The first day of the fall semester of my senior undergraduate year, I ran into a friend of mine, a fellow history major, outside of the student union building at the research university we attended. We stopped and talked for a bit, updating each other on our lives and comparing our fall schedules. My friend had just been to the university bookstore, and he showed me a textbook he had just bought for a History of the Old South class that the history department was offering that fall. Intrigued, I sat in on the class and became immediately hooked. I added the class to my schedule and soon decided that I wanted to pursue southern history as a career. That decision set the course for my graduate studies. I spent years immersing myself in the upper southeast—including seemingly endless hours immersing myself in the pertinent scholarly literature, as well as traveling to special collections and sitting in manuscript and microfilm rooms poring through primary sources. And I learned how to practice a discipline I really did not understand as an undergraduate.
Becoming a practitioner of an academic field requires a narrow focus, and for better or worse, I kept my focus close to home. I was naturally attracted to southern United States history because I’m from the South. I was studying the history of my native region and the antecedents of my cultural environment. Nonetheless, my Ph.D. program required its Americanists to do an “outside” teaching field involving an area outside of the United States. My outside field was Early Modern Europe with a concentration on England. After I finished graduate school and began a job at another university as a visiting assistant professor, I began cleaning out books and notes that had been sitting unused and mildewing for several years in my musty basement. Because of their degree of deterioration, I decided to include in the throwaway pile a collection of books I had saved for about ten years from my early modern field. “What are the chances I will end up teaching early modern British history?” I reasoned.
As it turned out, the chances were pretty darn good. One secret regarding academics who end up at small, teaching oriented schools is that we often end up teaching courses that have tenuous relationships with our main foci of study in graduate school. If you are on the job market, you will find job descriptions for applicants that ask for combinations of backgrounds that are as frustratingly specific as they are varied. With the job market so flooded and full-time lines so limited, search committees are increasingly pressured and increasingly able to fish for candidates who fulfill their wish lists all in one package. So if you get an interview at a smaller institution and the search committee ask “Can you teach [insert topic here]?” You answer “yes” if there is any conceivable connection between your training and the course in question. Then you hope to goodness that if the day arrives that you actually have to teach the topic, you can pull it off.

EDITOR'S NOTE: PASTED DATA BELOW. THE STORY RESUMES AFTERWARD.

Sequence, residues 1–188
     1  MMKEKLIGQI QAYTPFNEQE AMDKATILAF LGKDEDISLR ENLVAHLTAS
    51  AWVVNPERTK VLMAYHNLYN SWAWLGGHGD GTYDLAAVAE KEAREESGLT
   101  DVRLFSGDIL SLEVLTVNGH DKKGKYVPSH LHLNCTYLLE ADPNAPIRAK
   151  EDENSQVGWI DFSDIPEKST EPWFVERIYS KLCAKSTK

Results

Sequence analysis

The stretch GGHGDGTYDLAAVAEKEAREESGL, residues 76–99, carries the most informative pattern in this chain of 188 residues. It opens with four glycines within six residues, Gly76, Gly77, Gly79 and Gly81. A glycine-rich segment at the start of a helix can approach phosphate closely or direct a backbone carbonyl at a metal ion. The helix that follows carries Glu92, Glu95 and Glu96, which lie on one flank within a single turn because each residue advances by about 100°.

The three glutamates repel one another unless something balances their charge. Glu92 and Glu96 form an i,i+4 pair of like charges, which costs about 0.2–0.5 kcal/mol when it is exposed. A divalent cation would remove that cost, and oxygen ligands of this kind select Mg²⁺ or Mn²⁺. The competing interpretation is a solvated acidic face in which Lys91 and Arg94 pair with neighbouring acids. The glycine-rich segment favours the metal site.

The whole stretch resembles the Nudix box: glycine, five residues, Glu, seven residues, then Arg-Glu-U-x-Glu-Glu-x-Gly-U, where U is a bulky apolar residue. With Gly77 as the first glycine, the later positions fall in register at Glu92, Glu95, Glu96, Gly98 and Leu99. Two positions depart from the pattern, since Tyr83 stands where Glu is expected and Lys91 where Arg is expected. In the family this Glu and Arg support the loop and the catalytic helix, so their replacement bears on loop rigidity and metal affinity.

A few years after tossing the books, I interviewed for a permanent faculty opening in a history department seeking someone who could teach the U.S. history survey, the American South, the Civil War and Reconstruction, the Early American Republic, two upper division British history surveys covering 1066 to the present, the history of Islam and Middle Eastern history. Could the new hire be the world’s leading expert in all of these fields? Of course not. Knowing this, I put the best package forward that I could for the search committee. It was relatively easy to stress my background in Appalachian history, nineteenth century southern U.S. history and African American history as strengths. And, it was quite reasonable to point to my background in early modern England, even though I had not remained current in the literature for a while. There would be plenty of time later to moan and wail over the wealth of sources I had thrown out. Islam and the Middle East, however, were a bit tougher sell. Fortunately, the history department where I did my Ph.D. work was pretty strong in African history, and the professor who directed my African American field also had an academic background in North African and Andalusian history. He was also of Moorish descent, and he incorporated his academic and personal background into his African American courses. On top of that, I had experience teaching a lower division world history survey. My semester-long initiation into the fellowship of teachers who have survived teaching that survey was not pretty, but it was applicable to the needs of the department. I was able to parley my teaching experience and my overall academic background into a job offer that I gladly accepted.